Celebration Rock, Japandroids’ second album, was one of those rare indie rock records to get canonised almost immediately for its vivid descriptions of the transformative powers of rock wrapped up in eight of the catchiest songs going. Like some of the great songwriters the band have been favourably compared with, Bruce Springsteen is always the one looming large in my mind while listening to them, Japandroids manage to extract a lyrical romanticism and myth from the mundanities of everyday existence the people listening would identify with. Working mediocre jobs, dreaming big but never quite getting it together to act on those ambitions and, most importantly, drinking with friends and passionately shouting along to rock music. Their lyrics are full of images of kinetic energy: fire, sparks and explosions frequently describe landscapes and life experiences in equal measure.
If encountered at the right point in your life, Japandroids are the kind of band that can take the frustrations of your existence and turn it into the feeling you are living out some tragic but epic novel. In theory anyway. Personally, I never felt Japandroids reflect my own interiority and life back at me as poetry in the same way a band like Titus Andronicus are able to, and who are an all around much darker and funnier band. But that doesn’t mean a Japandroids record can’t be a huge amount of fun.
After being absent for nearly half a decade, the duo are back and on first impressions, it looks to be business as usual: eight tracks and a black and white photo of the band on the cover is consistent with the aesthetic they’ve established so far. The opening title track is sonically consistent to what we’ve heard so far, with anthemtic group chants and Brian King recollecting desires that “Got me all fired up to go far away”. But from the second track onwards, there’s a conscious effort to expand their palette, although in aid of reaching the same desired effect. The band have always been noted for their skill in using their minimal set up of guitar, drums and vocals to create something that feels immensely expansive and widescreen. The new sounds on Near to the Wild Heart of Life all attempt to try and push those edges as far as possible in order to offer a full 360 degree panoramic view. But there is also a new topic added to the Japandroids canon. Love. Tracks such as ‘I’m Sorry (For Not Finding You Sooner)’ suggest a new version of Japandroids that isn’t just one big homosocial love-in. Like a group of guys with their arms round each other’s shoulders jumping up and down in unison.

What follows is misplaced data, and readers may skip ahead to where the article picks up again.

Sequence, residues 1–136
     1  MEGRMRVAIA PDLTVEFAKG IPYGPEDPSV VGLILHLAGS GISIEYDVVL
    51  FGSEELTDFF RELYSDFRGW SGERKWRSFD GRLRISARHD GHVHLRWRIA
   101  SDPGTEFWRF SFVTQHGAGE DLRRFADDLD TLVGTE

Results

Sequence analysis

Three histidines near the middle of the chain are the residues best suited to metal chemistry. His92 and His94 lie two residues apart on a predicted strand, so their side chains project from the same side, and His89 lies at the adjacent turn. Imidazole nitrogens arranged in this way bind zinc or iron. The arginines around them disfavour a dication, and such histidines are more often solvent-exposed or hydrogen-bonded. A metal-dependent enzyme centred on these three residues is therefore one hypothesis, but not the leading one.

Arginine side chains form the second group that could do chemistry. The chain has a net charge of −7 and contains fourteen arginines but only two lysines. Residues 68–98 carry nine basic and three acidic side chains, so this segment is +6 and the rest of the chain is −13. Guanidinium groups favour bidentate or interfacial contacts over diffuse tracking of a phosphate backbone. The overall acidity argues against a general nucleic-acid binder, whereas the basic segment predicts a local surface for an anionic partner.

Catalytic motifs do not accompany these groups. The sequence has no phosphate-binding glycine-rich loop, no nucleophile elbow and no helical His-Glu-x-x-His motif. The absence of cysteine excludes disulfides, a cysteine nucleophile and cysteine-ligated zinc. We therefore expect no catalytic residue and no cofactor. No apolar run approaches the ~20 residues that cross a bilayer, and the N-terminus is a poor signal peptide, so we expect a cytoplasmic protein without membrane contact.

‘Arc of Bar’, the album’s gargantuan seven minute long centre piece brings an arena sized synth riff and its seemingly endless string of verses are probably the most lyrically ambitious attempt made by the band to date. Loaded with symbolist imagery and storytelling right out of the Dylan playbook, right down to using the faces from playing cards as character archetypes, the song is a long rambling affair that chooses a less firey, direct route that you might expect from the band. There are moments however, that slip into corniness and cliché. Maybe they were always there but were less notable because the band refused to let up on the gas pedal to give you a chance to take it all in. Overall, Near to the Wild Heart of Life is generally much slower in tempo than its two predecessors are.
Without that fire, Near to the Wild Heart of Life lacks the urgency of those first two records. while Post-Nothing documented a band on the verge of throwing the towel in after getting nowhere and Celebration Rock dealt with the enormity of realising maybe their dreams might finally becoming true, Near to the Wild Heart of Life has nowhere left to go, so it just keeps speeding along that highway, with no final destination in sight. If there is one, it’s not to challenge or face the world but to retreat from it. ‘North East South West’ is an ode to their birthplace of Canada as always being somewhere they can return to after the crazy life of touring, while ‘Midnight to Morning’ essentially does the same trick but replaces Canada with a woman. The album’s closer ‘In a Body Like a Grave’ is also weirdly resigned in tone. Documenting the hardships many people will have to go through, the band conclusion the band come to that it’s “Just the way it is / the way it’s always been” which feels oddly deflated for a band whose bread and butter is offering a feeling of affirmation and empowerment to their fans. If Japandroids have chosen to simply lie down and roll over, what hope is there for the rest of us?